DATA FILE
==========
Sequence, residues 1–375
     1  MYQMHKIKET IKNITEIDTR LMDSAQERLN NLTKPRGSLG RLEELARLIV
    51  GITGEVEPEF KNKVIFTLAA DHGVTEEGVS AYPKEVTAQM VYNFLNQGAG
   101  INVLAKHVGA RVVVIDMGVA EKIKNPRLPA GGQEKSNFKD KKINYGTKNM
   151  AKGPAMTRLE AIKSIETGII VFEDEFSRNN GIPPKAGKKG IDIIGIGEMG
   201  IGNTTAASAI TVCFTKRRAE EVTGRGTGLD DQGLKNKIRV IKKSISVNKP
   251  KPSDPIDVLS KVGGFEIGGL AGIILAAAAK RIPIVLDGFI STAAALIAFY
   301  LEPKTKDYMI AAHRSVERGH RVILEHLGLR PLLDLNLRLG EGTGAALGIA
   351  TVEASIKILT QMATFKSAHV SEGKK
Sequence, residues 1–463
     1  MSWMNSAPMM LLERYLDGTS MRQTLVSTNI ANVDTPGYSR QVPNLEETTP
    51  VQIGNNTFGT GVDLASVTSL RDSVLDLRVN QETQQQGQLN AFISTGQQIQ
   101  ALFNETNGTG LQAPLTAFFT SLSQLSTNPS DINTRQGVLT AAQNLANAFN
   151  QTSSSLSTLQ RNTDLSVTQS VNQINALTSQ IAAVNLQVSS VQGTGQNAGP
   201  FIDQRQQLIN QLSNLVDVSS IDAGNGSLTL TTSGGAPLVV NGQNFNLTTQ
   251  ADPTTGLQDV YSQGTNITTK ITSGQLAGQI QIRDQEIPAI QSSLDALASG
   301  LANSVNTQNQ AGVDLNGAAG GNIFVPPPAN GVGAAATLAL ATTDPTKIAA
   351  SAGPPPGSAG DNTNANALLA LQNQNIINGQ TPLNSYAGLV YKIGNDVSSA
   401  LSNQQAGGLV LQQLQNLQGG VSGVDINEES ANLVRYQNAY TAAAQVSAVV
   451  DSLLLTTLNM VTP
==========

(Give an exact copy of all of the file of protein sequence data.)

Sequence, residues 1–375
     1  MYQMHKIKET IKNITEIDTR LMDSAQERLN NLTKPRGSLG RLEELARLIV
    51  GITGEVEPEF KNKVIFTLAA DHGVTEEGVS AYPKEVTAQM VYNFLNQGAG
   101  INVLAKHVGA RVVVIDMGVA EKIKNPRLPA GGQEKSNFKD KKINYGTKNM
   151  AKGPAMTRLE AIKSIETGII VFEDEFSRNN GIPPKAGKKG IDIIGIGEMG
   201  IGNTTAASAI TVCFTKRRAE EVTGRGTGLD DQGLKNKIRV IKKSISVNKP
   251  KPSDPIDVLS KVGGFEIGGL AGIILAAAAK RIPIVLDGFI STAAALIAFY
   301  LEPKTKDYMI AAHRSVERGH RVILEHLGLR PLLDLNLRLG EGTGAALGIA
   351  TVEASIKILT QMATFKSAHV SEGKK
Sequence, residues 1–463
     1  MSWMNSAPMM LLERYLDGTS MRQTLVSTNI ANVDTPGYSR QVPNLEETTP
    51  VQIGNNTFGT GVDLASVTSL RDSVLDLRVN QETQQQGQLN AFISTGQQIQ
   101  ALFNETNGTG LQAPLTAFFT SLSQLSTNPS DINTRQGVLT AAQNLANAFN
   151  QTSSSLSTLQ RNTDLSVTQS VNQINALTSQ IAAVNLQVSS VQGTGQNAGP
   201  FIDQRQQLIN QLSNLVDVSS IDAGNGSLTL TTSGGAPLVV NGQNFNLTTQ
   251  ADPTTGLQDV YSQGTNITTK ITSGQLAGQI QIRDQEIPAI QSSLDALASG
   301  LANSVNTQNQ AGVDLNGAAG GNIFVPPPAN GVGAAATLAL ATTDPTKIAA
   351  SAGPPPGSAG DNTNANALLA LQNQNIINGQ TPLNSYAGLV YKIGNDVSSA
   401  LSNQQAGGLV LQQLQNLQGG VSGVDINEES ANLVRYQNAY TAAAQVSAVV
   451  DSLLLTTLNM VTP